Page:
Wilson wrote an article that ran in the Sunday May 25th race-day edition
of the Indianapolis Star titled "Foreigners know their limit' and
subtitled "Drivers understand race's popularity could suffer if
majority of drivers weren't American". REALLY? You mean we've all
just been imagining that the decline of "Formula Indy", as
the Brazilians call it, was triggered by decades of internal dispute
that led to the formation of competing IRL and CART circuits?
mean it wasn't REALLY exciting to see Hélio Castroneves shoot
for an unprecedented "three-peat", or to see the Brazilians come
in 1-2-3 in the closest ever three car finish at the "Greatest
Spectacle in Racing"? Whatever happened to the good old American
anthem that "competition is a healthy thing"?
Tony George is an astute businessman, and I believe he is, he might
consider erecting a new flag-pole at the track to fly the flag of the
nation from which the winning driver hails. Let everyone see that flag
fly for twelve months and spark a little more drive to field an American
driver who can win the next year and have it replaced with the Stars
and Stripes. Don't you think we can do that? Where's our confidence?
we have the confidence; I just think Wilson is selling us short. Wilson
leans on a Kenny Brack quote saying that "if you had a 500 with
all Swedes, nobody would pay a damn dollar to see it". Well, no
kidding! If you had an F1 in Austria that only fielded Swedes is
seems likely that no one in Austria would pay a damn Euro to see THAT
me a break! If Formula Indy ever became as big internationally as F1
we'd all be in racing heaven. The best thing that has happened to racing
at the Indianapolis Motor Speedway in years has been the emergence
of the approachable, entertaining, enthusiastic and immensely talented Brazilian
drivers. Kudos now too to the equally approachable Japanese. I'm sure
it's only a matter of time before they'll begin to excel, given the
backing they're getting from Toyota and Honda.
back to the Brazilians; Hélio's fence climbing antics and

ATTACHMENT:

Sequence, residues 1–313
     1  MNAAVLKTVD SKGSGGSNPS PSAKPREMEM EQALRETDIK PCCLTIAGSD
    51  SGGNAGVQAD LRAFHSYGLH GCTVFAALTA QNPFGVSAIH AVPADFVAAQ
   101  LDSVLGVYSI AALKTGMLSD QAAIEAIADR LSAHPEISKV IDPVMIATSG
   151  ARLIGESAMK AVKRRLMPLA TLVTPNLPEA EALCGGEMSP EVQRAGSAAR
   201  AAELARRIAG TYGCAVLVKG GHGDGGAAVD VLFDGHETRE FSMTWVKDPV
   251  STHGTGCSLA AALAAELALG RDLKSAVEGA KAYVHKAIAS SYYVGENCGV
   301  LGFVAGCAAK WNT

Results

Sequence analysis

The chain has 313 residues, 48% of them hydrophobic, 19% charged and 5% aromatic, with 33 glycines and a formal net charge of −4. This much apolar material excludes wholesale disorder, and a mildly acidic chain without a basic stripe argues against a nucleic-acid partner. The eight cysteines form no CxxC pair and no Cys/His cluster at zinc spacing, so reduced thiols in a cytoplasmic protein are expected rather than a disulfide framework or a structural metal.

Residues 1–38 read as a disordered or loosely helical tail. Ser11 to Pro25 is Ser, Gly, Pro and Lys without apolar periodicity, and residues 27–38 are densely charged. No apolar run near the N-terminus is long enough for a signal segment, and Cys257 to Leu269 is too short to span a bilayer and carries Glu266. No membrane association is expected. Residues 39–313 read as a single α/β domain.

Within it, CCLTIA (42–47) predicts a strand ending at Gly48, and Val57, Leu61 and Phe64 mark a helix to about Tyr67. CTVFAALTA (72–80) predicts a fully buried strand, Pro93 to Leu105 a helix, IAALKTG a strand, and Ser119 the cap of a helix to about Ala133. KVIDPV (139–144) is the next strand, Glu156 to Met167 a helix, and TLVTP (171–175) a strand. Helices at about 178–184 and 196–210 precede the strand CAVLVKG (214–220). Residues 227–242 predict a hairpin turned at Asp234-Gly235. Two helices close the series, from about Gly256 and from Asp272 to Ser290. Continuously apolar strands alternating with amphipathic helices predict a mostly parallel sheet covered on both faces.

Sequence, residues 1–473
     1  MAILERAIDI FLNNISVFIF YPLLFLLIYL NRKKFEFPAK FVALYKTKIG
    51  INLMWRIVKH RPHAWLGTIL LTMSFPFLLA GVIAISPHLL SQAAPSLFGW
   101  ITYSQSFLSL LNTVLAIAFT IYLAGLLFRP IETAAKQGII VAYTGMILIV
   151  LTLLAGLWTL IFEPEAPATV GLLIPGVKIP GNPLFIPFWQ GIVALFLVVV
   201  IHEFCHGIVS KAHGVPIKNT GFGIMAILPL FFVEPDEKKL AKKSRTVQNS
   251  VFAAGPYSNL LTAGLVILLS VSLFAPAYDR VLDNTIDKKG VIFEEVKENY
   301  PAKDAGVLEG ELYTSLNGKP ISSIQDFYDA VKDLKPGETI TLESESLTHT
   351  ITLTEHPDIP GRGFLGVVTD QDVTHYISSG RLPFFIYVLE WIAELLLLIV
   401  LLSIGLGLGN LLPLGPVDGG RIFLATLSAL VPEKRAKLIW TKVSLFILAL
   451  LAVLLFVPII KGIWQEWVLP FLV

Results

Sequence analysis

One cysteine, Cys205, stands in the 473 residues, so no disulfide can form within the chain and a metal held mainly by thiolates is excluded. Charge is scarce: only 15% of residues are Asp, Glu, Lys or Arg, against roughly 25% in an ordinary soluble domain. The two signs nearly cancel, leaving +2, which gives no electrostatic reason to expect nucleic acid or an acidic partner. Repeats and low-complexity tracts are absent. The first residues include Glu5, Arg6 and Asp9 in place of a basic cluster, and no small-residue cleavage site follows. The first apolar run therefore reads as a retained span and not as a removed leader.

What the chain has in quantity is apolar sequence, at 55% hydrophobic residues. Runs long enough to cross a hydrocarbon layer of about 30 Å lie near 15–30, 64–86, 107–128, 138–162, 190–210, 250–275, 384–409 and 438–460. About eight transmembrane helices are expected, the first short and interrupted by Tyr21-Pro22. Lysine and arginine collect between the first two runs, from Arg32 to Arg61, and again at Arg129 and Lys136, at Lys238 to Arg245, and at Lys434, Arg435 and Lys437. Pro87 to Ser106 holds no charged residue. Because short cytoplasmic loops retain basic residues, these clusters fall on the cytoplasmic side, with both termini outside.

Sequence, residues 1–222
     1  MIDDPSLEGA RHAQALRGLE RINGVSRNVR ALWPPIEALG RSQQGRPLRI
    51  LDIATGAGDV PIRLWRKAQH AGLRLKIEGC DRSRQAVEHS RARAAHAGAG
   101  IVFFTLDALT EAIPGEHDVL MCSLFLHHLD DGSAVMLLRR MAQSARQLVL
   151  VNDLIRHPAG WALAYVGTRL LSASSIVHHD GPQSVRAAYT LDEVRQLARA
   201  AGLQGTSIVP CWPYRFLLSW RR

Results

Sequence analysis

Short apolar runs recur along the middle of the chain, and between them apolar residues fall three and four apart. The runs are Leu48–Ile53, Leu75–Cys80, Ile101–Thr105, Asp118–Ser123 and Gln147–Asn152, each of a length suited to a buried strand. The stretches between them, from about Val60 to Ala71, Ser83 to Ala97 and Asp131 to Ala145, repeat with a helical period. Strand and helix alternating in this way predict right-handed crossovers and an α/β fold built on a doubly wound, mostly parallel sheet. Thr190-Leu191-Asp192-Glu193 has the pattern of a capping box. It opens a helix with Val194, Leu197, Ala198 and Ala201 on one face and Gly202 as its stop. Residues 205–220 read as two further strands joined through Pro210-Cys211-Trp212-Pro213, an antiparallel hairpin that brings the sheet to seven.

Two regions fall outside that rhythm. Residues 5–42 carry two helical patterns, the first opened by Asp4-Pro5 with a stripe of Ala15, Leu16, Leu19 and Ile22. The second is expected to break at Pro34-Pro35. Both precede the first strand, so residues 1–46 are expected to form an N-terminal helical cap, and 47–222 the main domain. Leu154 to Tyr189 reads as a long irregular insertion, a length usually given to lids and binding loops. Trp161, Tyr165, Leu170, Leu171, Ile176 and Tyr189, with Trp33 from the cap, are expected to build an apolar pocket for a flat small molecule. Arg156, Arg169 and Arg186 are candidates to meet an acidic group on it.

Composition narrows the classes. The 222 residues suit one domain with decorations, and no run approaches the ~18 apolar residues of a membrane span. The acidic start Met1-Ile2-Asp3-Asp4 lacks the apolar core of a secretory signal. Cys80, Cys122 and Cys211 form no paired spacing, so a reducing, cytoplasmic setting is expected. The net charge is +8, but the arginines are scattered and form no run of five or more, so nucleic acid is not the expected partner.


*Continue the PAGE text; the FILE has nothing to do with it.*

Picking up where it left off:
'Spiderman' moniker have literally ignited the imaginations of
children across the country, all future Indy500 fans. He and Gil de
Ferran have also ignited the interest of older fans. When I went to
a pre race Penske dealership autograph signing for Hélio, I found
the dealership locking fans out an hour early because the line inside
was already so long they didn't anticipate getting everyone already
inside an opportunity to get a signature.
"foreigners", as Wilson refers to them have been a breath
of fresh air. I remember seeing a wire service regular at a press conference
try to bait Gil de Ferran into criticizing Hélio for showing
emotion after winning the pole. Gil deflected the criticism and had
the honesty to show a little of his own, after edging out Hélio
to win the race. What a thought; talent, determination, work ethic AND
certainly can't have that, now can we? Lets all take a deep breath,
acknowledge that Roger Penske and the "Boys from Brazil" have
given our sagging Memorial Day classic a lift, invite them and the Japanese,
English, New Zealander, South African and Swedish drivers back next
year and thank our lucky stars that they'll likely want to return.
we really need media headlines hinting at an anti-foreigner sentiment?
Even if it exists to some extent, and given the increase of jingoism
since 9/11 I'm sure it does, it clearly isn't a primary factor determining
Formula Indy popularity and it shouldn't be encouraged. Open all doors,
let anyone and everyone who can compete do so and if you don't like
it go out and secure more sponsorship, build more competitive cars and
train better drivers.
recollection is that here in the USA we promote the idea that we want
the cream to rise to the top, and we don't lean on propping up "our
guys" when it isn't warranted. We have more pride than that!
Congratulations to Tony George, Roger Penske, Penske racing president
Tim Cindin, Gil de Ferran, Hélio Castroneves and Tony Kanaan for
putting on a great show on race day at Indianapolis!
was composed as listener input to the nationally syndicated Jim
Wagner is a regular contributor to Brazzil, covering the Indianapolis
500 for the 3rd consecutive year for the magazine. Contact
Phillip at firstname.lastname@example.org